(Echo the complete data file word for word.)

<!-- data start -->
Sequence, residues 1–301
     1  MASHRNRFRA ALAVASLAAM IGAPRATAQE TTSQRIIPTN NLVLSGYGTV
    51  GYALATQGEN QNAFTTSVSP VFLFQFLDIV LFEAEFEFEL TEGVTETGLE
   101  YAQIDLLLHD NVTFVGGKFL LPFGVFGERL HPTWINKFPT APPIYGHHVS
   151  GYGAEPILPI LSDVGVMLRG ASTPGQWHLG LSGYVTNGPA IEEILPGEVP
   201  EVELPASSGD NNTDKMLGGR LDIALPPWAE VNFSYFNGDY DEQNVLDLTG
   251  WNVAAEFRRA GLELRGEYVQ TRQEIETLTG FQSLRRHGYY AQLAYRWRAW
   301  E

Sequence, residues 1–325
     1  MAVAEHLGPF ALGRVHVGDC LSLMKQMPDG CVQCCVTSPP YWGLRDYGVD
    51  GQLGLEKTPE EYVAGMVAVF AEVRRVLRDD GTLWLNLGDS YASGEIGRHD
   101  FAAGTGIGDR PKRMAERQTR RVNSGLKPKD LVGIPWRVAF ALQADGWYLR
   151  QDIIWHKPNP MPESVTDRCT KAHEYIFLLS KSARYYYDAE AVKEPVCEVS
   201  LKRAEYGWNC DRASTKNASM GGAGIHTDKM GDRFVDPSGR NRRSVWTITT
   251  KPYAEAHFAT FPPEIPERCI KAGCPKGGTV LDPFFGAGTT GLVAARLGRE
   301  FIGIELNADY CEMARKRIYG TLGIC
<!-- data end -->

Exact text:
Sequence, residues 1–301
     1  MASHRNRFRA ALAVASLAAM IGAPRATAQE TTSQRIIPTN NLVLSGYGTV
    51  GYALATQGEN QNAFTTSVSP VFLFQFLDIV LFEAEFEFEL TEGVTETGLE
   101  YAQIDLLLHD NVTFVGGKFL LPFGVFGERL HPTWINKFPT APPIYGHHVS
   151  GYGAEPILPI LSDVGVMLRG ASTPGQWHLG LSGYVTNGPA IEEILPGEVP
   201  EVELPASSGD NNTDKMLGGR LDIALPPWAE VNFSYFNGDY DEQNVLDLTG
   251  WNVAAEFRRA GLELRGEYVQ TRQEIETLTG FQSLRRHGYY AQLAYRWRAW
   301  E

Sequence, residues 1–325
     1  MAVAEHLGPF ALGRVHVGDC LSLMKQMPDG CVQCCVTSPP YWGLRDYGVD
    51  GQLGLEKTPE EYVAGMVAVF AEVRRVLRDD GTLWLNLGDS YASGEIGRHD
   101  FAAGTGIGDR PKRMAERQTR RVNSGLKPKD LVGIPWRVAF ALQADGWYLR
   151  QDIIWHKPNP MPESVTDRCT KAHEYIFLLS KSARYYYDAE AVKEPVCEVS
   201  LKRAEYGWNC DRASTKNASM GGAGIHTDKM GDRFVDPSGR NRRSVWTITT
   251  KPYAEAHFAT FPPEIPERCI KAGCPKGGTV LDPFFGAGTT GLVAARLGRE
   301  FIGIELNADY CEMARKRIYG TLGIC